Philosophical Studies

, Volume 175, Issue 10, pp 2567–2582 | Cite as

Deontological evidentialism and ought implies can

  • Luis R. G. OliveiraEmail author


Deontological evidentialism is the claim that S ought to form or maintain S’s beliefs in accordance with S’s evidence. A promising argument for this view turns on the premise that consideration c is a normative reason for S to form or maintain a belief that p only if c is evidence that p is true. In this paper, I discuss the surprising relation between a recently influential argument for this key premise and the principle that ought implies can. I argue that anyone who antecedently accepts or rejects this principle already has a reason to resist either this argument’s premises or its role in support of deontological evidentialism.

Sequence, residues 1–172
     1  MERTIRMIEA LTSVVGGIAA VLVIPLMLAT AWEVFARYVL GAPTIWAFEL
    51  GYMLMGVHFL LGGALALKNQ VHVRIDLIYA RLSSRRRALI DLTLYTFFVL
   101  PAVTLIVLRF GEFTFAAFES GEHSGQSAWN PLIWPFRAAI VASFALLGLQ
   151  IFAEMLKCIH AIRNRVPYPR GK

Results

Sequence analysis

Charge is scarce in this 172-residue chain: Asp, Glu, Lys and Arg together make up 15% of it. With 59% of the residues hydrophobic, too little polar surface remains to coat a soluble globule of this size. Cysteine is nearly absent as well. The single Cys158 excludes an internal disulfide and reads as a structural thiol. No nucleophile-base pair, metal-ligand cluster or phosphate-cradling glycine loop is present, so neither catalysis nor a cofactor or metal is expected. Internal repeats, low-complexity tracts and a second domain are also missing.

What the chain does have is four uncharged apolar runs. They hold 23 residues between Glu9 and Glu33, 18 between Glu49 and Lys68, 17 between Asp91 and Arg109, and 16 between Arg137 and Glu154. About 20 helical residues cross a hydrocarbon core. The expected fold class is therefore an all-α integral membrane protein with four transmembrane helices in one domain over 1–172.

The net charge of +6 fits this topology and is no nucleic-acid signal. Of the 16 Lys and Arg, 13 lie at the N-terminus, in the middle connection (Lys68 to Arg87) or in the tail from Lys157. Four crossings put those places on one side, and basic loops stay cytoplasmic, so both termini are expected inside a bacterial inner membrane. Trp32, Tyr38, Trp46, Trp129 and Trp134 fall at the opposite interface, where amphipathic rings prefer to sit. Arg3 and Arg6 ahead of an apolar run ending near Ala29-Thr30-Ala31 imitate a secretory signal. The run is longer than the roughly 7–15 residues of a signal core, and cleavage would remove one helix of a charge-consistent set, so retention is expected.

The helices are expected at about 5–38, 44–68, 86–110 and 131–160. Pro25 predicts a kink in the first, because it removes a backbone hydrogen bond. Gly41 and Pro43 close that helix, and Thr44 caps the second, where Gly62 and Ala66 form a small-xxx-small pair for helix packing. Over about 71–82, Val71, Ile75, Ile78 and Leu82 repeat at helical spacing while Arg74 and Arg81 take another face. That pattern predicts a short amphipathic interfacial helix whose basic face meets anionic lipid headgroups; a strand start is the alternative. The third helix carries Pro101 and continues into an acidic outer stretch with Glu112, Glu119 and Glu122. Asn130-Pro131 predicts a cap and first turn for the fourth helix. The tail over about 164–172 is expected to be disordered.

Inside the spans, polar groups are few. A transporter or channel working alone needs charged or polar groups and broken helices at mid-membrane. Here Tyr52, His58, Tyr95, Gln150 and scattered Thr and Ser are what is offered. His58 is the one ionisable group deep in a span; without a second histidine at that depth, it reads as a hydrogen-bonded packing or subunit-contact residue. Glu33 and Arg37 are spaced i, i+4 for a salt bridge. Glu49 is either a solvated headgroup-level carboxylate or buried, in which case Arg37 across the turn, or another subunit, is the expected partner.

Evidentialism Normative reasons Transparency Ought implies can 



For discussion and comments on previous drafts, I am grateful to Hilary Kornblith, Chris Meacham, Ernesto Garcia, Timothy Perrine, Kristian Olsen, Scott Hill, Ed Ferrier, Dennis Kavlakoglu, Josh DiPaolo, Emma McClure, Liz Jackson, and audiences at the University of Toronto and at the 2017 Eastern APA.


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© Springer Science+Business Media B.V. 2017

Authors and Affiliations

  1. 1.Department of PhilosophyUniversity of HoustonHoustonUSA

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